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Call to arms: racism and sexual harassment is still rife in science

Science is not always a safe space for women. George Joch

Martin Luther King said, “On some positions, Cowardice asks the question, ‘Is it safe?’ Expediency asks the question, ‘Is it politic?’ And Vanity comes along and asks the question, ‘Is it popular?’ But Conscience asks the question, ‘Is it right?’”

Even though Conscience should win, in real life things are complicated. In the last two weeks I have been wrestling with my conscience over a number of events. These events have shown how rife sexism, racism and sexual harassment against women in science still is. As it happens, all these events involved a small community of professional science communicators, but highlighted a deeper problem in science.

The first worrisome event was a conversation on Twitter between two broadcasters: Sue Nelson and Dara O’ Briain. It began on the pages of the Daily Telegraph. In an article, Nelson expressed her concern that most science shows on British TV can only be described as “a laddish, macho presenting culture”.

After a “bruising and disappointing” exchange with O’Briain on Twitter about the article, Nelson responded to him on her blog:

So if you believe that these particular “lads’ science” formats aren’t overused and male-dominated or that, when it comes to appearance, women are treated exactly the same as men on TV, that’s fine by me. Just don’t expect me, or everyone else, to agree with you. Worst of all, don’t shout down or belittle others who think otherwise. Our voices should be heard and listened to.

With barely little time for the dust to settle, came a much more deeply disturbing encounter last weekend involving Danielle Lee, a blogger for Scientific American. Lee is a female postdoctoral scientist who describes herself as using “hip hop culture to share science with general audiences, particularly under-served groups”. Lee use her race as a frame for her science communication activities and has received many honours for her writing. On being commissioned to blog by Ofek, an editor of Biology-online, a publication that had some sort of partnership with Scientific American, Lee asked to be paid. The response from the editor was: “[Why not?] Because we don’t pay for blog entries? Are you an urban scientist or an urban whore?”

There followed a lesson on how a major publisher should not respond when they have made a mistake. First Scientific American took down Lee’s blog post that revealed Ofek’s remarks. Then they allowed the managing editor to write something in Scientific American’s defence. And soon after their blog editor Bora Zivkovic explained that the magazine would have to be speak to lawyers over the weekend before they could make any further comment.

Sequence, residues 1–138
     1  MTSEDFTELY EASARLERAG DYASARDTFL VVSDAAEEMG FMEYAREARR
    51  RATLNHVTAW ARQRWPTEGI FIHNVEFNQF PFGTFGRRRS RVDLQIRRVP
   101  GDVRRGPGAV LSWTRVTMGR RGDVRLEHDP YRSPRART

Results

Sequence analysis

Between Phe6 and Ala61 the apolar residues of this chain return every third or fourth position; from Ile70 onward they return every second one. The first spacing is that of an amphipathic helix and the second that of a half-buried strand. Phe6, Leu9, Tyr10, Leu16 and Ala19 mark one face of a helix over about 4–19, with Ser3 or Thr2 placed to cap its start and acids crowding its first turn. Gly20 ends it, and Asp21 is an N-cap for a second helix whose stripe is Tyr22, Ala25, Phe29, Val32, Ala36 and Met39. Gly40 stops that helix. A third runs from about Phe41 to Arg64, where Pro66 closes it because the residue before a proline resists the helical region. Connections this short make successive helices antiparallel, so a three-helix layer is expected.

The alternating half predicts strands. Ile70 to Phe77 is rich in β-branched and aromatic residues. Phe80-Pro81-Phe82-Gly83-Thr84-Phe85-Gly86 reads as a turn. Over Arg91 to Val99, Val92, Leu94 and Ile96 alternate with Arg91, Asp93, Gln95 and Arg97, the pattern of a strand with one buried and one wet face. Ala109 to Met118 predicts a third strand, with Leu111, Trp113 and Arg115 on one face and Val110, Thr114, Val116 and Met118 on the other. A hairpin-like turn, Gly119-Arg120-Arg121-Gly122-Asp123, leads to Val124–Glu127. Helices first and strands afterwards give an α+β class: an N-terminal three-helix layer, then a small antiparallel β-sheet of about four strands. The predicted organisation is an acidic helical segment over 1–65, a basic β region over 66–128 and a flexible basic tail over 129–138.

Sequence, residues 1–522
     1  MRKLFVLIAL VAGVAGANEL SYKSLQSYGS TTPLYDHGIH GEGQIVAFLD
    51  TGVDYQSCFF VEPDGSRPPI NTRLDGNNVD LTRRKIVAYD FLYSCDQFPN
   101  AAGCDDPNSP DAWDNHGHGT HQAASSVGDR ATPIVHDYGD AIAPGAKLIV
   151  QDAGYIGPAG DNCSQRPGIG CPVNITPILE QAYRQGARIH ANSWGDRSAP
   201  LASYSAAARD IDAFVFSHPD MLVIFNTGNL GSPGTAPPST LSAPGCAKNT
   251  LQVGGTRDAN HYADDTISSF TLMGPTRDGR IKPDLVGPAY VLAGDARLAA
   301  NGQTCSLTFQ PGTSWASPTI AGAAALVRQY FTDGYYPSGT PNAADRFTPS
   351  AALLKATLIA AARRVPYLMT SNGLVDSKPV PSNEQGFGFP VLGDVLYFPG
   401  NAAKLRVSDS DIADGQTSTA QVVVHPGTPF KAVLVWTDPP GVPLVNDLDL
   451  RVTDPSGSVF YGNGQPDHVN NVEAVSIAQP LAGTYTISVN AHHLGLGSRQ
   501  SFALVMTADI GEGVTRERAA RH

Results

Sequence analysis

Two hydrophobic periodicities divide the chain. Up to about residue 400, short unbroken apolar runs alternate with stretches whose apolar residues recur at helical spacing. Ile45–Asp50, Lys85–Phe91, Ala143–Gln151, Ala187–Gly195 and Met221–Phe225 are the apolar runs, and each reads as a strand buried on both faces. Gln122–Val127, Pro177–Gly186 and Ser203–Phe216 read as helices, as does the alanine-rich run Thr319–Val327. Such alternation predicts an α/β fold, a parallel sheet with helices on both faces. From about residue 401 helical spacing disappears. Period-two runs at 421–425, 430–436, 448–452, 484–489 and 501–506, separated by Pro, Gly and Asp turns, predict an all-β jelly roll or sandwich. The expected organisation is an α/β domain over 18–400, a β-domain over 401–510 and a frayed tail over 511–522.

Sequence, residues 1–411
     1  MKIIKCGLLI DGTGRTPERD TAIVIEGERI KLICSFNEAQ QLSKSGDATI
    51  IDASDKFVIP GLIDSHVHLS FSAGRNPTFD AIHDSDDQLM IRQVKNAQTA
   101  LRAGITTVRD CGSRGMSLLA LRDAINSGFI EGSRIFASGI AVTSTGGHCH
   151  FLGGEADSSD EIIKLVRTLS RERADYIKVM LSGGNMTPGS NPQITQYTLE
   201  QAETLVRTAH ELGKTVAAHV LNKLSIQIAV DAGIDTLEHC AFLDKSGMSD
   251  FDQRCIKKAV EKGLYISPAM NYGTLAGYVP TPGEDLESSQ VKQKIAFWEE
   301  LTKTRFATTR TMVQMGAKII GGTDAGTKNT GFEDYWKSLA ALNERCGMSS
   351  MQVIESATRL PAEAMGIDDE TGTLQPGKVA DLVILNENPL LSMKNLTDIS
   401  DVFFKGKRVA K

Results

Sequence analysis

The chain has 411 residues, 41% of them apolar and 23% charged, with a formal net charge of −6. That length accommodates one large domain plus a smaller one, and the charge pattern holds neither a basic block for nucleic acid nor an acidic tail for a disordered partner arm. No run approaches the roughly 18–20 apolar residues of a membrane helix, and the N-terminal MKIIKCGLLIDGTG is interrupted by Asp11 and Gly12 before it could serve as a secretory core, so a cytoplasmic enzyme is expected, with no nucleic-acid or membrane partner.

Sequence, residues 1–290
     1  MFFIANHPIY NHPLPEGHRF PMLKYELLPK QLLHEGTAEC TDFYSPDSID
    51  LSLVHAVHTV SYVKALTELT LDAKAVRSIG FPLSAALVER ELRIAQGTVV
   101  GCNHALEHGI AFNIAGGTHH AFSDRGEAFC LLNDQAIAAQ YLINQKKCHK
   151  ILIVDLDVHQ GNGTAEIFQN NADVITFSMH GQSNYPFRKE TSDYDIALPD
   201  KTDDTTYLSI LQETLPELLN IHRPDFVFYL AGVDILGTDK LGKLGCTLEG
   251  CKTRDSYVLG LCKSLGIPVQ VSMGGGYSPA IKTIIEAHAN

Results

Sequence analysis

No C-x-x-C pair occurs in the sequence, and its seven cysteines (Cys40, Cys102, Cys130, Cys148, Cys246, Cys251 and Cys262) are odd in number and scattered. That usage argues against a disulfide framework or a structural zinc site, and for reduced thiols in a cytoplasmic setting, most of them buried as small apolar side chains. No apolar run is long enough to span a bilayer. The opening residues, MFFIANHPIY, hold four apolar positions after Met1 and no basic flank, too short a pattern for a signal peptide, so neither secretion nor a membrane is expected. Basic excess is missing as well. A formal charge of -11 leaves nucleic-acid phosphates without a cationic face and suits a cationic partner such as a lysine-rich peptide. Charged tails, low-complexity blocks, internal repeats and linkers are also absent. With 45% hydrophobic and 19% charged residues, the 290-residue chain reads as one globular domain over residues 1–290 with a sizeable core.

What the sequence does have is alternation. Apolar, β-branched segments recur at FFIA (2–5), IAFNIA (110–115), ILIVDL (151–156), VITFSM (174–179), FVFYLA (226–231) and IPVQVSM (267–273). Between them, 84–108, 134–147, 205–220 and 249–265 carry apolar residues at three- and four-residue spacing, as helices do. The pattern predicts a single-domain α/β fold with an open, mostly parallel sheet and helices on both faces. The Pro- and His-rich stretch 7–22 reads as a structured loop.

No one could have expected the repercussions of this statement. In refreshing solidarity for Lee another writer and playwright Monica Byrne outraged by Zivkovic’s response “outed” him as the man that sexually harassed her last year. Remarkable and very brave. This was followed by revelations about Zivkovic’s acts by two other writers Hannah Waters and Kathleen Raven, both of whom suffered worse.

These stories broke a dam. Women began to tweet about their experiences of men in the world of science. Shocking, sad and moving stories. In the world of science communications Zivkovic was considered a leader who could make or break careers (and loved to hug women). The awfulness of this situation is made worse in that, according to journalist Martin Robbins, many people knew but kept quiet.

The community of science writers showed solidarity to the horrid events of the week Hashtags #standingwithDNlee and #ripplesofdoubt stand as a testament. But it brought out a horrible side of professional life, which is rarely talked about. The first step has been Zivkovic’s resignation, which Scientific American has accepted. This tightly-knit community will need to take more serious steps to minimise such behaviour. And others would do well to learn from that.

This week as a chair at an all women panel at an event in City University London, we celebrated the achievements of Ada Lovelace that will encourage women in science. We all took a moment to talk about how far we women had come. But I can’t help wonder how long it will take for a handful of women to minimise sexist and racist behaviour. Until then we have to rely on those who pass the test of Martin Luther King’s words:

The ultimate measure of a person is not where they stand in moments of convenience, but where they stand in moments of challenge, moments of great crisis and controversy.

This post was updated to reflect Zivkovic’s resignation.

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